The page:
An Introduction to:


For Jono Riley, East Providence in the 1960s was filled with hockey games, Marlboros, scout camp, beautiful young girls, and best friends. Growing up in blue-collar families, with fathers who were recent immigrants, Jono and his three friends—Cubby, Billy, and Bobby—were inseparable and formed a bond that each of them thought would last a lifetime. But inevitably things changed as time moved on, and when he receives a letter from Cubby thirty years later, Jono is living in Manhattan, working as a part-time actor and bartender, and he has not been back to Providence in decades.

Ron McLarty has created a memorable and winning cast of characters in Traveler, and he writes with warmth and sympathy about the travails and exploits of a particular kind of coming-of-age in America. The story of the camaraderie between Jono, Billy, Bobby, and Cubby is by turns hilarious and tragic, and though Jono knows he can’t go back to those days, it’s good to remember them.

Questions for Discussion

  1. The title of the book refers to the bullet in Marie’s back, which moved over time and killed her over thirty years after she was shot. What else do you think this title might refer to? What is its larger significance in terms of the characters and events in the book?

  2. Ethnicity is an important aspect of this book: Jono is Irish, Bobby is Portuguese, and Cubby and Billy are Italian. Discuss how each character’s heritage influences who they are, and who they grow up to be. How are these ethnic divisions similar or dissimilar to those that you’ve experienced in your own life?

  3. At one point Jono reminisces, “I think the American retrospective of small-town lives is a cleaned-up version of how we wished we could have been” (p. 133). He thinks about how many other young people at that time were thinking about the war in Vietnam and politics, but that he and his friends were mainly interested in “the Beatles, large breasts, baseball, and hockey.” How true do you think these statements are in terms of what happens in the book? How true do they ring to you in terms of your own childhood reminiscences?

  4. Why do you think Jono continues to act despite the fact that many of the plays he appears in are so unsuccessful? Can you identify aspects of his personality, both when he was young and in the present day, that help him stick with it?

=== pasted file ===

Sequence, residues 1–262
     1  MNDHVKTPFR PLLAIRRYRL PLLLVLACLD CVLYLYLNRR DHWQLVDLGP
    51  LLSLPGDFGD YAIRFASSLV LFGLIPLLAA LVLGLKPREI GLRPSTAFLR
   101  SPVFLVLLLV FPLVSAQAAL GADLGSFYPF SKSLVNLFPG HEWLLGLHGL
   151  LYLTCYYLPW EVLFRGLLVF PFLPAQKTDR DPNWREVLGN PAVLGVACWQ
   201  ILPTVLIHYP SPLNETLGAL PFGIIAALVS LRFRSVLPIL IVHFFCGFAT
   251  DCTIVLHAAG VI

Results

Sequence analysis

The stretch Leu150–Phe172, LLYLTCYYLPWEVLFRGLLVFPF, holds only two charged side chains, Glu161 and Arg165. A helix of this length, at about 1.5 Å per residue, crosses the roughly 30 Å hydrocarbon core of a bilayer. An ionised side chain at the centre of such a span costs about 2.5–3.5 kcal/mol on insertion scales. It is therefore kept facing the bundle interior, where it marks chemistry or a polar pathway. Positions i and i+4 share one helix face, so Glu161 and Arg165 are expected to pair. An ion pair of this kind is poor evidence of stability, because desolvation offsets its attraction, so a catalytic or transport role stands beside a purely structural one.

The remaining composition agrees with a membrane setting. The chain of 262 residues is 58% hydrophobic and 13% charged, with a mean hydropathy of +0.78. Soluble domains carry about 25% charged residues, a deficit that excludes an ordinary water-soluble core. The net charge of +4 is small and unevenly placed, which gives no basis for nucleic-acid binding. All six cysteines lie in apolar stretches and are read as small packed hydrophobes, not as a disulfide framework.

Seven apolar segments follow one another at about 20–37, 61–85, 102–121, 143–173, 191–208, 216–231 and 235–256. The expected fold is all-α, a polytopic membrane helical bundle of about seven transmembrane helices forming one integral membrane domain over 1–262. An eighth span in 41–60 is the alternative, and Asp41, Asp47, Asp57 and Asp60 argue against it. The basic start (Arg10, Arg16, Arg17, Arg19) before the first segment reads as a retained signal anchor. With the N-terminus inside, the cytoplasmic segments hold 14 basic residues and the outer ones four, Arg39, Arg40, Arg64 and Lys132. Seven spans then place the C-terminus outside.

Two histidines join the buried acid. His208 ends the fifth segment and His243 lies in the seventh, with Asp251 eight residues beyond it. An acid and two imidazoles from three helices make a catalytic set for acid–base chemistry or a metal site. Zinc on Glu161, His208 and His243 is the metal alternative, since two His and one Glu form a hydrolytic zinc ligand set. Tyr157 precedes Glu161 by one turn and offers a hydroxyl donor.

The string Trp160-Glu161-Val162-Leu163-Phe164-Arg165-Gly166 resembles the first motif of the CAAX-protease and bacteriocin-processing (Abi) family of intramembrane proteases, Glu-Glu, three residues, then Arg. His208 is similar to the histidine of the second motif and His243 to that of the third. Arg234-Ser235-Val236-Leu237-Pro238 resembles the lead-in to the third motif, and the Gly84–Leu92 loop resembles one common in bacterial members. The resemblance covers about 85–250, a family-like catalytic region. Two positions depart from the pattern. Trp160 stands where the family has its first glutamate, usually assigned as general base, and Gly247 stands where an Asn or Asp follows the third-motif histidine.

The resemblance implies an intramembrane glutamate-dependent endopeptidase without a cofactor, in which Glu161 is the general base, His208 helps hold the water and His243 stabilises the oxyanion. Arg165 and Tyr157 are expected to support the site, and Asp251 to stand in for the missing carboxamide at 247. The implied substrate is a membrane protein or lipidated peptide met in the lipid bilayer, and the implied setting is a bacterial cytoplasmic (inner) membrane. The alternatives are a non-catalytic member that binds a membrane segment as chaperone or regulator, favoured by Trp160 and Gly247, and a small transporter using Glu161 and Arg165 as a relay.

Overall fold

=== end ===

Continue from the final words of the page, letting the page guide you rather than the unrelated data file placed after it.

5. Discuss the character of Bobby Fontes, Jono’s quiet but strong Portuguese friend. Although all of the characters in Traveler experience pain and tragedy at some point in their lives, Bobby’s situation seems to be unique. Why do you think that is, and how much of it is due to the environment in which he grew up?

  6. Though Jono is relatively happy with his life in the present day, he is particularly indecisive about the prospect of moving in with Renee. On page 50, he explains why: “Marie D’Agostino and my mother aside, Renee Levesque is the only woman I have ever loved. Ever would, my instincts told me. . . . It’s not the moving in that scares me. It’s the moving out.” What do you think of Jono and Renee’s relationship? How does it compare to the past relationships in Jono’s life?

  7. Traveler opens with Cubby’s letter to Jono, and Jono’s description of Marie, and how he fell in love with her as a twelve-year-old boy. Marie continues to be a presence throughout the book, though she and Jono never actually dated. Why do you think Ron McLarty made Marie such a central part of the book, though she is not really one of the main characters? How important is the character of Marie to the over-all message of the book?

  8. The rift between Jono and his friends and the boys from the Terrace, like Howie Crosby, Allie Ponserelli, and Connie Dwyer, is a continuing concern for Jono as he is growing up, and when he returns to Providence he encounters the same group, still behaving in a similar way even though they are grown men. Why do you think the boys had such issues with one another when they were young? Would you have handled some of their confrontations differently? Do you know anyone like the Ponserellis, who still act the same way they did when they were kids?

  9. Discuss Jono’s relationship with Big Tony D’Agostino. When Jono’s father passes away Big Tony assumes the role of his father and cares for him until his own death. Yet Big Tony is known to have a temper as well—he slaps Jono at one point, and it is also understood that he beat up Bobby’s father. What kind of a role model was Big Tony? How has his influence affected Jono’s adulthood?

  10. East Providence has changed quite a bit since the last time Jono was there. Many of the landmarks that Jono remembers from childhood have been torn down or changed into something else. As great as Jono’s memories are of this place, though, he tells Bobby, “I wouldn’t really want to go back. . . . I’m here now. I’m where I am” (p. 241). How does this statement reflect on Jono, his relationship with Renee, and his trip back to his childhood home? If you live in a different place from where you grew up, talk about what it’s like when you visit it as an adult, and how your experiences are similar to or different from Jono’s.

  11. What did you think of Jono’s brief affair with Roxanne Boneria during the summer between his junior and senior years of high school? He lied to Roxanne at first, and managed to hide his dates with Roxanne from his girlfriend Sandy Minucci. How do these actions fit in with what you know of Jono’s character?

  12. Were you surprised by the ending of the book? Who else did you think could have been responsible for the shootings, and why?